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Save the Children Norway
Young people’s perspectives on acquaintance rape
While a large proportion of rapes are committed between young people, many young people lack an understanding of what constitutes sexual violation and rape, according to a report from Save the Children Norway. The report “Den som er med på leken …” (loosely translated: “Playing with fire”) is based on focus group interviews with 35 young people, as well as experiences and inquiries about sexual abuse shared via the government agency website ung.no.
While the young people who were interviewed for the report generally agree that rape is a terrible act and that “no means no”, different attitudes emerge when faced with specific stories. There is a widespread perception that girls are responsible to almost shout “no”, rather than boys being responsible to ask for consent. Many of the young people interviewed believed that the girl shares some of the blame for being raped if she had previously flirted with and kissed the boy, or shared the same bed with him. Several of the girls had experienced saying “no” in sexual situations that was not respected. Some of the young people interviewed seemed to think that even if a girl says “no”, she sometimes still means yes.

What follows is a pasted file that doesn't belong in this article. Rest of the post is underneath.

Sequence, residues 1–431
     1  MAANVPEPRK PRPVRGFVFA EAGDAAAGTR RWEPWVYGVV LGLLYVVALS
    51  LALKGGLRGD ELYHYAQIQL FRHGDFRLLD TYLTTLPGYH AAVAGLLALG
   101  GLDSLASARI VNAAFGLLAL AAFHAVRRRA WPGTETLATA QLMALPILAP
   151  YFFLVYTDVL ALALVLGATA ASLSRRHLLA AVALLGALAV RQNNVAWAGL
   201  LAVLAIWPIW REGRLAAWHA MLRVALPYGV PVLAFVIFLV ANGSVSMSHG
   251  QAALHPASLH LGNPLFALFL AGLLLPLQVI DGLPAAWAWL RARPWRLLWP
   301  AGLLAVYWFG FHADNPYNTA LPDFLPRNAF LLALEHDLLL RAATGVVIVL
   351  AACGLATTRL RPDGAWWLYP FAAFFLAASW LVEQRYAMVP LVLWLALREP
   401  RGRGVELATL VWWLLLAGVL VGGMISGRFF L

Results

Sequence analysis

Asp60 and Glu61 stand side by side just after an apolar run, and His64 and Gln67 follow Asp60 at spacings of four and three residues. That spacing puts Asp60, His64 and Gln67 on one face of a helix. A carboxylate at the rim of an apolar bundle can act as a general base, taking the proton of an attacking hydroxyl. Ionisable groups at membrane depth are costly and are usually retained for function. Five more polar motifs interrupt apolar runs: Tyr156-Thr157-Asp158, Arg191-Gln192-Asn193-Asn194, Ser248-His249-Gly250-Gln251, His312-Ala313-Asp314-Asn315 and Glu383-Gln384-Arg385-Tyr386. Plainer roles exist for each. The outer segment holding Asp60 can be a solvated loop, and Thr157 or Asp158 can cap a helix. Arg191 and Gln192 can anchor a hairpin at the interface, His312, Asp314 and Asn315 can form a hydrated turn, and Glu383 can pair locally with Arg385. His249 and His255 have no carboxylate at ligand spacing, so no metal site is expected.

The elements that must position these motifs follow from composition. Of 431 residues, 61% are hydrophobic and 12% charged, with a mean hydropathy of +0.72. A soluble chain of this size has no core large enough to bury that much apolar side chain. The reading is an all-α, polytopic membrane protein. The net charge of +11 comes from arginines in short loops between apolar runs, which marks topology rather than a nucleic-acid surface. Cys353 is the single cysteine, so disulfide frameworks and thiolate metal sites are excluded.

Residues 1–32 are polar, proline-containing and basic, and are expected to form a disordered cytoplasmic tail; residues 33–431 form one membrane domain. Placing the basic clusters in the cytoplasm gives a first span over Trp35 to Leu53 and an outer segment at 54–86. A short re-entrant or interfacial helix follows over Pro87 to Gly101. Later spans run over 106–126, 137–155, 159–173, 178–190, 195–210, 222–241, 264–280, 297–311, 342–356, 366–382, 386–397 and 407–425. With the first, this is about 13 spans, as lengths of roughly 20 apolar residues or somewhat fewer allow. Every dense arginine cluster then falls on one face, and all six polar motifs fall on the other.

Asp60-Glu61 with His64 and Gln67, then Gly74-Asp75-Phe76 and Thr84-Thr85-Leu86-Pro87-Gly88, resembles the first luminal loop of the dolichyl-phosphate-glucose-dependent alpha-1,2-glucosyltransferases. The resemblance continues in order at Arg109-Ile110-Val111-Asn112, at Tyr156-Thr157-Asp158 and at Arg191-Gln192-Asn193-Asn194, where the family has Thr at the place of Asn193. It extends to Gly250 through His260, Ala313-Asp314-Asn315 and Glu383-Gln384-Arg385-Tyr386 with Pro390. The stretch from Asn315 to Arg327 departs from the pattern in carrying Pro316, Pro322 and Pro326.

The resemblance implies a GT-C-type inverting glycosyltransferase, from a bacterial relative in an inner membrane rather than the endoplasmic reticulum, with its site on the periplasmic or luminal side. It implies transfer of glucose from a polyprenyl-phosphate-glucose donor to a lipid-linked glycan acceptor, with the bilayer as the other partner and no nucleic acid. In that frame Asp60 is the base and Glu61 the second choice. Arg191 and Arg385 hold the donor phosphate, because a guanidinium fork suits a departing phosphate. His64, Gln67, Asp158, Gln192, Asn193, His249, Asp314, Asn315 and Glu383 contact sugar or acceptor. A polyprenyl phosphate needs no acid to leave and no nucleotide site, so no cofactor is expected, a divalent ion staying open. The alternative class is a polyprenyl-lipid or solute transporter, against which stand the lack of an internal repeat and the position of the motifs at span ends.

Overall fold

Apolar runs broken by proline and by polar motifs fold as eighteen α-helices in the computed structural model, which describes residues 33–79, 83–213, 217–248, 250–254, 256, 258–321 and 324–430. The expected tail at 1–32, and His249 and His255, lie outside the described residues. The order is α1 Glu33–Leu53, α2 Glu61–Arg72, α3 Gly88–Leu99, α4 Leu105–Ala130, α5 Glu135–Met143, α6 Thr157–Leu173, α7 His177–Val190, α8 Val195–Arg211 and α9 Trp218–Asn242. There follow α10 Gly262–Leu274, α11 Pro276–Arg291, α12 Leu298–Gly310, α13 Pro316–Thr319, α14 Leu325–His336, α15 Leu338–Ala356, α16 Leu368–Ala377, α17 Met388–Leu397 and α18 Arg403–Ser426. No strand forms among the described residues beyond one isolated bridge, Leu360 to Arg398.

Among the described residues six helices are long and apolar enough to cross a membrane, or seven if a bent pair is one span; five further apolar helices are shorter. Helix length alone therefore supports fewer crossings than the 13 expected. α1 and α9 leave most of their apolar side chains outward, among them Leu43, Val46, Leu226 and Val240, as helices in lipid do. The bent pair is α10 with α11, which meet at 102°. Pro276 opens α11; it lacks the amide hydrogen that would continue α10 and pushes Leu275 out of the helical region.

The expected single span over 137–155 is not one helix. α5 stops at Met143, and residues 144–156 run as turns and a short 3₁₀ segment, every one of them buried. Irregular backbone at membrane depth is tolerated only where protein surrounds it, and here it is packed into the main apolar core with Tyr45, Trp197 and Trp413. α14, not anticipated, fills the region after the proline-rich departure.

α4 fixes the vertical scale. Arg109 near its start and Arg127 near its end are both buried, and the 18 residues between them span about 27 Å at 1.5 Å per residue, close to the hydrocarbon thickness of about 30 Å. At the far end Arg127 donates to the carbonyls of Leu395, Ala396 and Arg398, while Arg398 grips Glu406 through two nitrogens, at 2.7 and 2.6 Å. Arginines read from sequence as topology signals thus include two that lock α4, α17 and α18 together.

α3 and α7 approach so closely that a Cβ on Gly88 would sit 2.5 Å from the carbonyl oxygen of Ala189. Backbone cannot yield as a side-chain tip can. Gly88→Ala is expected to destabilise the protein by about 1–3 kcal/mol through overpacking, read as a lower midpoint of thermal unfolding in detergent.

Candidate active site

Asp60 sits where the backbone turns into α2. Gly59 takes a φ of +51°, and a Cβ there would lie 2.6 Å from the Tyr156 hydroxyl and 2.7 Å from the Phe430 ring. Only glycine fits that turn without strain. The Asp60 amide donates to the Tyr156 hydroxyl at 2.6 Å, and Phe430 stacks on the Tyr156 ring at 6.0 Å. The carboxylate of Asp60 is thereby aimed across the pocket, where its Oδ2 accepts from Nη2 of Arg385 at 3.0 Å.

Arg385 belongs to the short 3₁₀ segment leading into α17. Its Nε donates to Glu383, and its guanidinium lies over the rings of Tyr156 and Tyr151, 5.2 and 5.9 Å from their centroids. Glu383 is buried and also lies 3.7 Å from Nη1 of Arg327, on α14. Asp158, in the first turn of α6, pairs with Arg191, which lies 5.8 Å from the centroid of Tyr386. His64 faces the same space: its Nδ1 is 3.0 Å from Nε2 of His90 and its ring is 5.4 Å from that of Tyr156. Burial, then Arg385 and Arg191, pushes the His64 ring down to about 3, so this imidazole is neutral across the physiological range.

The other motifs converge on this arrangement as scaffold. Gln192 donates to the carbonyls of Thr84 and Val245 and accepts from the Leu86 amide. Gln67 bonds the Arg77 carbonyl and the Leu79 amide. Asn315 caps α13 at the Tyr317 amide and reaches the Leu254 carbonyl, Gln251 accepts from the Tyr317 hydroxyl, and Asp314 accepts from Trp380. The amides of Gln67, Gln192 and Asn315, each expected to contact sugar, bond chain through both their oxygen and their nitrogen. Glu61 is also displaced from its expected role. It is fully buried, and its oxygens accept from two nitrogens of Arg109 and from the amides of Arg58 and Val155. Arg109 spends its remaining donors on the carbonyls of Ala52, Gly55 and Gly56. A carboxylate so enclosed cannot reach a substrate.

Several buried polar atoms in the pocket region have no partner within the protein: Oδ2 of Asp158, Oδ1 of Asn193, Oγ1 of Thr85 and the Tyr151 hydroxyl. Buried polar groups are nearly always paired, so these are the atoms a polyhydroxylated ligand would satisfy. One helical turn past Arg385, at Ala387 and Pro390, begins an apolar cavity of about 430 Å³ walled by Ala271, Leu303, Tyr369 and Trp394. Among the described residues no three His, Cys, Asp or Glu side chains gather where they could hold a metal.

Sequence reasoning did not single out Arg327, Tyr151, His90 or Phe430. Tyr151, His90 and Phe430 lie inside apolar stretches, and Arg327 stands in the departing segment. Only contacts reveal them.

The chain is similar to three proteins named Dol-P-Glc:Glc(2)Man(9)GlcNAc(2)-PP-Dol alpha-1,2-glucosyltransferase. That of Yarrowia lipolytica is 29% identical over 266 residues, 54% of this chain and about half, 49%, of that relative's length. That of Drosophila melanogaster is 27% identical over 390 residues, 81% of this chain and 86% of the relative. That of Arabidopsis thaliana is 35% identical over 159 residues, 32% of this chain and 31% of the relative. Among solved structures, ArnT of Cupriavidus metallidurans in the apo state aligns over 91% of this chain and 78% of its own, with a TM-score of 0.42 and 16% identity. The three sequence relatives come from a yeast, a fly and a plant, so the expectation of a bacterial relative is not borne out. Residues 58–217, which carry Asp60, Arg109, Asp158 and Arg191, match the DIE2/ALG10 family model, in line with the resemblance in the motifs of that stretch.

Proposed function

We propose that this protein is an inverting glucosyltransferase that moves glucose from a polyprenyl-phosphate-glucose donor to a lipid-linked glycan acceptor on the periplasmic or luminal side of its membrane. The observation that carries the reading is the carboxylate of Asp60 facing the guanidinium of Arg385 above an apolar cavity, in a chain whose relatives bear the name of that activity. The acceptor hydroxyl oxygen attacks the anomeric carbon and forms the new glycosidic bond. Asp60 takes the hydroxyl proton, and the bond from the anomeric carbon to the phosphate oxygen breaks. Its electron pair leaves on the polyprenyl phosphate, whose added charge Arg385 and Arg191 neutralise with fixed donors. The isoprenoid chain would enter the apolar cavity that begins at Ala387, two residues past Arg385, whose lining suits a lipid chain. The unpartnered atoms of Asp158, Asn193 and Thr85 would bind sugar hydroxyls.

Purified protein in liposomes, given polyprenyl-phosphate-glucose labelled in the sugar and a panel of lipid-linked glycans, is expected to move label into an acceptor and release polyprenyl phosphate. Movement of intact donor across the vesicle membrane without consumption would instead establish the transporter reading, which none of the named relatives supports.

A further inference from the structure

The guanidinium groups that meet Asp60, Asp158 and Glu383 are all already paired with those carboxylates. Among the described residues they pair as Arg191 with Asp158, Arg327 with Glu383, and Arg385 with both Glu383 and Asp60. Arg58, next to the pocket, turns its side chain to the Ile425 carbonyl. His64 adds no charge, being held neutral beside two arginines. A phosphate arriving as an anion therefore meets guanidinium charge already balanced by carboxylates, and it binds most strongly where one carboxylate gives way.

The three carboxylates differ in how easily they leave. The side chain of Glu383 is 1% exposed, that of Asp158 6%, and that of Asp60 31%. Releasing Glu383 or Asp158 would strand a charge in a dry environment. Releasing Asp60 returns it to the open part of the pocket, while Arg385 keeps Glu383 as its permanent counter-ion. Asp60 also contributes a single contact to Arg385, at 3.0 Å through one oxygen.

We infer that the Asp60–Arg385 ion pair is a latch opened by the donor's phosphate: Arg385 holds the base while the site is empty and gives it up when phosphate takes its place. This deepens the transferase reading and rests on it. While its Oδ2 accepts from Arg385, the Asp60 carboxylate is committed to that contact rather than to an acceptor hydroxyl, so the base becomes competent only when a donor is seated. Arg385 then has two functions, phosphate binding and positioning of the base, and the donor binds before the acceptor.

Several of the boys interviewed were uncertain of how to understand sexual boundaries, and of what girls like and want sexually. Instead of asking for consent, they trust that their partner will object loudly to sexual advances if she is not up to it – or that she may like it eventually. Many girls blame themselves for sending vague signals and eventually participating in sex that they did not really want.
An uplifting finding in this report is that young girls clearly express that they appreciate being asked for consent: it does not “ruin the mood”, but makes them feel safe and respected. Follow-up measures should focus on giving young people tools to better understand and respect sexual signals and communicate clearer around consent.
The report concludes with advice from young people on measures they believe will prevent rape, help them understand sexual boundaries and ask for enthusiastic consent.